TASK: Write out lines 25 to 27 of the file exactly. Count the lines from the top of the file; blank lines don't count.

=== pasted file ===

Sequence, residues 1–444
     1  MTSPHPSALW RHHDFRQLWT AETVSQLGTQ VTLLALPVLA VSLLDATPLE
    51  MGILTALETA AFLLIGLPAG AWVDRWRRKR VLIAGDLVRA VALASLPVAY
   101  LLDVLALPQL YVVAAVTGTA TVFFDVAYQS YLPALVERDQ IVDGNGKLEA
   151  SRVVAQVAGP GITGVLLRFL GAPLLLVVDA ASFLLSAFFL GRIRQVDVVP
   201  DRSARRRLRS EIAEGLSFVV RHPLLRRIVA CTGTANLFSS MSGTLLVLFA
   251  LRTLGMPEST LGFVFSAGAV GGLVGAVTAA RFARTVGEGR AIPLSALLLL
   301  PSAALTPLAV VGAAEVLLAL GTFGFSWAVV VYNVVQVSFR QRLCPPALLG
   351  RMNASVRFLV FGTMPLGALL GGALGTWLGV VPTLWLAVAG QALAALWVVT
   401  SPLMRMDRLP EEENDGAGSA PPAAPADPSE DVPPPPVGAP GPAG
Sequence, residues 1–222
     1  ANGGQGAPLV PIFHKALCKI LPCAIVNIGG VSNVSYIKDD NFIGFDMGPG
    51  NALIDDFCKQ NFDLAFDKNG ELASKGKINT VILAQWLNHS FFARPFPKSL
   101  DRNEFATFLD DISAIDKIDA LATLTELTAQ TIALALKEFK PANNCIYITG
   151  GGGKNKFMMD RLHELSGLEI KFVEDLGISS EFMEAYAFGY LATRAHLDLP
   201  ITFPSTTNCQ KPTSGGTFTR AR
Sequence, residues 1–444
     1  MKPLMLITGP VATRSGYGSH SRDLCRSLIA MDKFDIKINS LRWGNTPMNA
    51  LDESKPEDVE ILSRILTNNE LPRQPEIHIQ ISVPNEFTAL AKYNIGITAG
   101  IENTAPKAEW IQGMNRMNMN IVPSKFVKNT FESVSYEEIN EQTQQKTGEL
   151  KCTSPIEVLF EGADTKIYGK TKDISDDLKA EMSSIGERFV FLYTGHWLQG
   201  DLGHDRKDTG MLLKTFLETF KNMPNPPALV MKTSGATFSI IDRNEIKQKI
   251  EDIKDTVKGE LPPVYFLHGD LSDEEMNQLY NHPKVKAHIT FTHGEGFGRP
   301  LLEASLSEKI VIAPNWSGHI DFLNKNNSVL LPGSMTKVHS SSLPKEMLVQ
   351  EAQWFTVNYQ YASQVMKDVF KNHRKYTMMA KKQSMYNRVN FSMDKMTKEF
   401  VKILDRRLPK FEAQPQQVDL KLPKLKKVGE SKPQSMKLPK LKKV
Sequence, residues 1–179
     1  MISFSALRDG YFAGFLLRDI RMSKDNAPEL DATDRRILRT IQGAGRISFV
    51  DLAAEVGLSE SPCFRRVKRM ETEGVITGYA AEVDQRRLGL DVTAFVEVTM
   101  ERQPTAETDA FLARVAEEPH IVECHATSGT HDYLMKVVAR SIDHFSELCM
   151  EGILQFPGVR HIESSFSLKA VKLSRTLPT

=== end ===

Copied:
   351  EAQWFTVNYQ YASQVMKDVF KNHRKYTMMA KKQSMYNRVN FSMDKMTKEF
   401  VKILDRRLPK FEAQPQQVDL KLPKLKKVGE SKPQSMKLPK LKKV
Sequence, residues 1–179